New English language assessment options announced for Australian visa applicants

by Ray Clancy on November 24, 2014

in Immigration Documentation

Australian visa applicants now have more choice in English language testing with the addition of two new assessment options, it has been announced.

Temporary graduate, skilled, work and holiday, and former resident visa applicants are now able to take advantage of the changes.


The Australian government wants to offer visa applicants more choice in regards to English language testing

It means that applicants are now able to use scores from the Test of English Language as a Foreign Language internet-based test (TOEFL iBT) and the Pearson Test of English Academic (PTE Academic) as evidence of their English language ability.

“This development affords applicants more choice in providers while also increasing competition within the English language testing market,” said Assistant Minister for Immigration and Border Protection, Michaelia Cash.

The tests are alternatives to the International English Language Testing System (IELTS) and Occupational English Test (OET) and have been accepted in the Student visa programme since 2011.

Cash confirmed plans to further expand the English language test market are on track with Cambridge English: Advanced (CAE) test scores are set to be accepted from the start of the New Year.

Individuals planning to take an English language test before lodging an expression of interest or visa application can visit the Immigration Department’s website for more information.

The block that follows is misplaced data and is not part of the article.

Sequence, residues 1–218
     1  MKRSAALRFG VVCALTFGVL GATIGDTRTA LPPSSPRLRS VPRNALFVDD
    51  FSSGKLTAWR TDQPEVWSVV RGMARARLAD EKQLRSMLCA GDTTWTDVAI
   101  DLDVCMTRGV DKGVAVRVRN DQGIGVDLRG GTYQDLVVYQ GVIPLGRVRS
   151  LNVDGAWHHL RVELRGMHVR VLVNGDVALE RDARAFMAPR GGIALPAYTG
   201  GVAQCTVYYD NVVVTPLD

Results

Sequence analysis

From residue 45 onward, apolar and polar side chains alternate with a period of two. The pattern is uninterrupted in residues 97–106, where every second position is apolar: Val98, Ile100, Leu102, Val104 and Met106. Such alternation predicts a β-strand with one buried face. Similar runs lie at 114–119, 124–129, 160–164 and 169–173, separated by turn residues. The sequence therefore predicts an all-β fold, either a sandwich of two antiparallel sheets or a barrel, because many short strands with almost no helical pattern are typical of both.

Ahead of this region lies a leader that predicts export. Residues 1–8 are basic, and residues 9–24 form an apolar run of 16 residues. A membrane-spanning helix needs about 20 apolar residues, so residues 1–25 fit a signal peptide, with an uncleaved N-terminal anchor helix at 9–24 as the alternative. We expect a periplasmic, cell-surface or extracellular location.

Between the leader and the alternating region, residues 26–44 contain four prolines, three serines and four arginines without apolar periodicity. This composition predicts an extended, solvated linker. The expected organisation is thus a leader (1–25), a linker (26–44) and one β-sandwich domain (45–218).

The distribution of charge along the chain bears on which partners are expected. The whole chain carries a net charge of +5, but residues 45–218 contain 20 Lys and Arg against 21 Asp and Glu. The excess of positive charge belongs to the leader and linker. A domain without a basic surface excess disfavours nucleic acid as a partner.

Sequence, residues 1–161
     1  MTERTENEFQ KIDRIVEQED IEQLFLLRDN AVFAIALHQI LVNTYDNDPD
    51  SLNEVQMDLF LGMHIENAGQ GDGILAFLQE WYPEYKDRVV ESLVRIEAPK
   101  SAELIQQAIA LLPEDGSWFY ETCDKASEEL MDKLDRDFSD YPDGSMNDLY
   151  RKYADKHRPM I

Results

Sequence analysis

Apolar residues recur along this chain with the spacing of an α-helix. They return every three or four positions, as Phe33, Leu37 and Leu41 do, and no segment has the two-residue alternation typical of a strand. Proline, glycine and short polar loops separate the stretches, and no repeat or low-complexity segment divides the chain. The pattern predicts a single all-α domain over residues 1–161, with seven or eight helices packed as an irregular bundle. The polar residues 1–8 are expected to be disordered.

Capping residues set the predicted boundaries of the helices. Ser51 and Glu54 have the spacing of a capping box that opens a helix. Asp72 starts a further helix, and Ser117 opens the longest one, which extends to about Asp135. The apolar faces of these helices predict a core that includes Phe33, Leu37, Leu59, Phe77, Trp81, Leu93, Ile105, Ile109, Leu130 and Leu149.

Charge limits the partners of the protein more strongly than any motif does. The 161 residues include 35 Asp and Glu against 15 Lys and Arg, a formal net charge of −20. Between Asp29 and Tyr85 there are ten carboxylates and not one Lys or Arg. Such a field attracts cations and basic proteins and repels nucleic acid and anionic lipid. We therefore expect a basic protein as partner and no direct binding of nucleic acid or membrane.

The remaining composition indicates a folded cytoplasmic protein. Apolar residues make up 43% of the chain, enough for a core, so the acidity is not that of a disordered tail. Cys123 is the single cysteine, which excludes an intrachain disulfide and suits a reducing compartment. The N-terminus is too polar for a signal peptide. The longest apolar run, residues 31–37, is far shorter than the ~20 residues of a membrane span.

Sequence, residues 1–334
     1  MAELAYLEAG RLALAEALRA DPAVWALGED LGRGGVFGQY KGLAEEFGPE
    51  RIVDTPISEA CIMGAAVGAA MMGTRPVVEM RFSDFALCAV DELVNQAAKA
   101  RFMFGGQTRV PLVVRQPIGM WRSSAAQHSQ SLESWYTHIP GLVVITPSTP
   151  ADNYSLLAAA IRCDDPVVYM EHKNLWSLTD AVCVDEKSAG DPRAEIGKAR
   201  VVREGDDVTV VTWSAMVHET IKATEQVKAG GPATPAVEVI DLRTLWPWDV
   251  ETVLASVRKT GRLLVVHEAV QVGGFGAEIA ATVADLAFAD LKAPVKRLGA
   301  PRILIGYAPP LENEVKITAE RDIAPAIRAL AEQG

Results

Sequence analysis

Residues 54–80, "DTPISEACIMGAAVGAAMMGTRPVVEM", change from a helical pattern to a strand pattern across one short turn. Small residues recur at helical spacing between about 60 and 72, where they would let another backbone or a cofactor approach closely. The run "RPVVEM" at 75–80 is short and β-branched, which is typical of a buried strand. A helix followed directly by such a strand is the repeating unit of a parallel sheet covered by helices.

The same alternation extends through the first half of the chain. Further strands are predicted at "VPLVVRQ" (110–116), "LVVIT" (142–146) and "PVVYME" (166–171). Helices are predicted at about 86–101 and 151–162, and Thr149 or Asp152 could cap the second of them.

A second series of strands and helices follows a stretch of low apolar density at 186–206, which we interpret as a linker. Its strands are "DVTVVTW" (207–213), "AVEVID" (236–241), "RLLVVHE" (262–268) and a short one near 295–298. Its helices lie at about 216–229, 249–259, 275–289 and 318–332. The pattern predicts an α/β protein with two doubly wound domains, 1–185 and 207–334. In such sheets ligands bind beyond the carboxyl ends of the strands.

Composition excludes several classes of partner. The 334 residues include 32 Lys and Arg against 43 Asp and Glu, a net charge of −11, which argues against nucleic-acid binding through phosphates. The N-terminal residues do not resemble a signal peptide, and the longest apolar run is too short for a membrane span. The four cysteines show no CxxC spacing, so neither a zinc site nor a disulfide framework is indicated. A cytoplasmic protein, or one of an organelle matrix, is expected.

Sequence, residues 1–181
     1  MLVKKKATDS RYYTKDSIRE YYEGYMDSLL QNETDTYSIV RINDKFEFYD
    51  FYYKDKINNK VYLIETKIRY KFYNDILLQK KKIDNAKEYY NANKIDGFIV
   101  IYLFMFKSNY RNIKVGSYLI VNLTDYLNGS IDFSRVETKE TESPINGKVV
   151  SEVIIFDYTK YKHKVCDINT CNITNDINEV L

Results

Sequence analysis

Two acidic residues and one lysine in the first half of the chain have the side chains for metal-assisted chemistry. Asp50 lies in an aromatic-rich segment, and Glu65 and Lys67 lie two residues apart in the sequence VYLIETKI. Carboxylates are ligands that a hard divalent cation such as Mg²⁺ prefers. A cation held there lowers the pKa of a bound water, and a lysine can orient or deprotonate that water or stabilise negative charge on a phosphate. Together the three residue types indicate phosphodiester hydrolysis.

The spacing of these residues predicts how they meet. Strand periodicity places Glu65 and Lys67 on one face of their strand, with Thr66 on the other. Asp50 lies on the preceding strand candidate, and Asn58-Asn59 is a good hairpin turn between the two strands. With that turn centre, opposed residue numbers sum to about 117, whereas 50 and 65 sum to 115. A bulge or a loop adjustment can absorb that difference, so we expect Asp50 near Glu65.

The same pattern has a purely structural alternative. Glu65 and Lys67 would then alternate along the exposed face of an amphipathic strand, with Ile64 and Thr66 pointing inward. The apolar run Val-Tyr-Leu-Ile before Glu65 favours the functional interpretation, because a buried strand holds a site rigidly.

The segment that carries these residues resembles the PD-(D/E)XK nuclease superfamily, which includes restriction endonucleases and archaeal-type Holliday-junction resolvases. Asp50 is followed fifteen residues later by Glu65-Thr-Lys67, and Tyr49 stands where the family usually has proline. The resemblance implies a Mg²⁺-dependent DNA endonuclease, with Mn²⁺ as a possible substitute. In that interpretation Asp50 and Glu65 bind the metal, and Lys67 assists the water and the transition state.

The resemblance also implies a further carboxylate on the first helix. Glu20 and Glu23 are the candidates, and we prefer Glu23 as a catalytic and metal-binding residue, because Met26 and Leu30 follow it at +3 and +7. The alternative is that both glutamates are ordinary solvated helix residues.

Meanwhile, officials also reminded overseas students who have recently graduated, or are about to graduate, from an Australian education provider could be eligible for the Temporary Graduate (subclass 485) visa.

Depending on your qualification, this visa allows you to stay in Australia for up to four years, to gain valuable work experience. Also, it does not restrict the type or amount of work you can do.

“Employer sponsorship is not required for this visa, but it is important to understand that finding a job is your responsibility,” said a Department of Immigration and Border Protection (DIBP) spokesman.

“If you are completing your course at the end of 2014 and you would like to apply for the Temporary Graduate visa, you may wish to start organising some of your documents now,” the spokesman explained, adding that these might include a medical certificate, police check, skills assessment, health insurance and English language test, though not every applicant for the Temporary Graduate visa will need to provide all of these documents.

“If these documents are ready when you apply for the visa, your application can be processed quickly. Keep in mind that some documents must be provided when you lodge your application, otherwise your application may be refused,” the spokesman pointed out.

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